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Posted by: Raymond McDougall on 08.29.2019 | Filed under: Latest, Recent Mineral Updates | Comments (0)

 

I’ve posted the first in a series of updates with superb specimens from John S. White’s collection (click here).

Most of you will likely know a bit about John, given that among his many accomplishments in the mineral world he is the founder of the Mineralogical Record, former curator of the U.S. National Mineral and Gem Collection at the Smithsonian Institution and author of two books and over 200 articles. I’ve written a short post about him with some great photos – hope you enjoy it! (click here)

These wonderful high-quality specimens from John’s collection are from a wide range of localities (classic to contemporary) and include a variety of minerals.

 Anatase, Kharan, Balochistan, PakistanAnatase, Kharan District, Balochistan, Pakistan – 2.9 cm

 Andalusite, ItalyAndalusite, Chiavenna, Sondrio Province, Lombardy, Italy – 4 cm crystal

Aragonite, Giumentaro Mine, Capodarso, Enna, Sicily, Italy

 Aragonite, Giumentaro Mine, Capodarso, Enna, Sicily, Italy – 9.6 cm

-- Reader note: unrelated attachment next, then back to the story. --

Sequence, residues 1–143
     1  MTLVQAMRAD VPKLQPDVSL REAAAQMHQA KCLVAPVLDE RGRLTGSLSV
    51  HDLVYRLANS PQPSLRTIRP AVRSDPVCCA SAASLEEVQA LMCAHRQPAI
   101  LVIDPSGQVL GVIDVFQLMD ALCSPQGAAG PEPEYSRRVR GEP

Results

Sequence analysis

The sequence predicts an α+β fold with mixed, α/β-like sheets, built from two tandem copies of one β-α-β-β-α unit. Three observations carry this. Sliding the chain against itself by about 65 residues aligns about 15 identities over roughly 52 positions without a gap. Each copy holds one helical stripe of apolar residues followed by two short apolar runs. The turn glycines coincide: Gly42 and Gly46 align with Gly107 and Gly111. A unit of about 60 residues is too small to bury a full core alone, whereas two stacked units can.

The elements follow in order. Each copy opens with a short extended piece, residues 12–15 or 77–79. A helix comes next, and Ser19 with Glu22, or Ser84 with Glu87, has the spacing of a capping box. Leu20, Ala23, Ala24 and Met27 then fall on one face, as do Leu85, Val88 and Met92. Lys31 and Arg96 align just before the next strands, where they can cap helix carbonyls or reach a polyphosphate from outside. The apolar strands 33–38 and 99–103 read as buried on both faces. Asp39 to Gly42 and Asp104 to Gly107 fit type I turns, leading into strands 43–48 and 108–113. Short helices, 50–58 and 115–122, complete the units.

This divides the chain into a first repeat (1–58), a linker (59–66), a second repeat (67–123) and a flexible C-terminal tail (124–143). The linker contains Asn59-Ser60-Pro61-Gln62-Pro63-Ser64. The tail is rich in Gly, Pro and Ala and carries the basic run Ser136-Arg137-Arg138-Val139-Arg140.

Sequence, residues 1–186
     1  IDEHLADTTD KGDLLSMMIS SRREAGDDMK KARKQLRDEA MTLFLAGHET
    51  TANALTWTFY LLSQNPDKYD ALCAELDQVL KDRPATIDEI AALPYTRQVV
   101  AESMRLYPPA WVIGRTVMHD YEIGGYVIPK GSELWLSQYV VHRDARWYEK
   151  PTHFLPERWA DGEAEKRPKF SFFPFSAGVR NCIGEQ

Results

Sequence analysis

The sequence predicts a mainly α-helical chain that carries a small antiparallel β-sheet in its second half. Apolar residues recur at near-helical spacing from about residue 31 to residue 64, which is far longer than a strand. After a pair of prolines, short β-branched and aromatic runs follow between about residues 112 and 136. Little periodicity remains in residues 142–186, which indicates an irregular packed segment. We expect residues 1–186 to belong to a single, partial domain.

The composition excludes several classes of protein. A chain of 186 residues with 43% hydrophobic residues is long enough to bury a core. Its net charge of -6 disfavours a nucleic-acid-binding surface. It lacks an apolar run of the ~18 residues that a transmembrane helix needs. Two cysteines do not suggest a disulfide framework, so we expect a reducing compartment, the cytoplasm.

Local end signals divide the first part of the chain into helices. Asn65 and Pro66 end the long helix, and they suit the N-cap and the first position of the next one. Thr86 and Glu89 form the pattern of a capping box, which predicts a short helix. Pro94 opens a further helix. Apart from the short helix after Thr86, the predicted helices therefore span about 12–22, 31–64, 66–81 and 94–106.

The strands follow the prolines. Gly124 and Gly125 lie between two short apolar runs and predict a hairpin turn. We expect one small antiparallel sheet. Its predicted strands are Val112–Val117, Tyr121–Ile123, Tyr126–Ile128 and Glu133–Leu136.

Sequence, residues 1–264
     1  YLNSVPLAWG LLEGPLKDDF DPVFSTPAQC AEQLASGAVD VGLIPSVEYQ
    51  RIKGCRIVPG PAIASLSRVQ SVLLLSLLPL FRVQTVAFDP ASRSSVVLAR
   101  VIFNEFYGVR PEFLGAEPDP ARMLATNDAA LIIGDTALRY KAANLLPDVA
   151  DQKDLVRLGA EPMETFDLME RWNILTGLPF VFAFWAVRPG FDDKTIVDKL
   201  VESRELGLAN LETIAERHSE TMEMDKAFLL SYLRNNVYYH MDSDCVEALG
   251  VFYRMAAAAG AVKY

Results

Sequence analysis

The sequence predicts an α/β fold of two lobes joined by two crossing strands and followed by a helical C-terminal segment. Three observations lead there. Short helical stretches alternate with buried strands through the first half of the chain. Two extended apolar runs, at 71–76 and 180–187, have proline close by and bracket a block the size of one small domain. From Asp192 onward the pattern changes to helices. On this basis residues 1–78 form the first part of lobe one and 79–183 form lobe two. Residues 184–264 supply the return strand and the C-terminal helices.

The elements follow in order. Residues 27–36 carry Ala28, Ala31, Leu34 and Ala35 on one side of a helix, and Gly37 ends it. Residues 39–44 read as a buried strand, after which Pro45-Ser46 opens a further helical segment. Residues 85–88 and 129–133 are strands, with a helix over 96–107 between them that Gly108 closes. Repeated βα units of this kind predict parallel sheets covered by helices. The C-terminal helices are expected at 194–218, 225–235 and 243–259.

Aragonite, Giumentaro Mine, Capodarso, Enna, Sicily, Italy (ultraviolet)

Same specimen as above, illuminated by shortwave ultraviolet light

Aragonite, Giumentaro Mine, Capodarso, Enna, Sicily, Italy (phosphorescence)

Same specimen as above, exhibiting phosphorescence after UV illumination

 Atacamite, Lily Mine, Pisco Umay, Ica Dept., PeruAtacamite, Lily Mine, Pisco Umay, Ica Dept., Peru – 6 cm

Azurite, malachite, Kerrouchen, Khenifra Province, Morocco

Azurite, malachite, Kerrouchen, Khenifra Province, Morocco – 2 cm parallel-growth crystals

Babingtonite, Prehnite, Qiaojia Co., Yunnan, China

Babingtonite, Prehnite, Qiaojia Co., Yunnan, China
Field of view 6 cm

Beryl, var. alkalai beryl, Deo Darrah, Khash & Kura Wa Munjan Districts, Badakshan, Afghanistan Beryl, var. alkali beryl, Deo Darrah, Khash & Kura Wa Munjan Districts, Badakshan, Afghanistan – 3.2 cm

Beryl, var aquamarine, Huya Deposit (Pingwu Beryl Mine), Mt. Xuebaoding, Pingwu County, Sichuan Province, China

Beryl, var aquamarine, Huya Deposit (Pingwu Beryl Mine), Mt. Xuebaoding,
Pingwu County, Sichuan Province, China – 4.7 cm

Beryl, var goshenite, Huya Deposit (Pingwu Beryl Mine), Mt. Xuebaoding, Pingwu County, Sichuan Province, China

Beryl, var. goshenite, Huya Deposit (Pingwu Beryl Mine), Mt. Xuebaoding,
Pingwu County, Sichuan Province, China – 6.1 cm

This next calcite is so great from both sides, in both normal and UV light, I can’t choose only one photo. Here’s one of each side, in each light:

Calcite, Fozichong Deposit, Cenxi Co, Guangxi, China

Calcite, Fozichong Deposit, Cenxi Co, Guangxi, China – 9.7 cm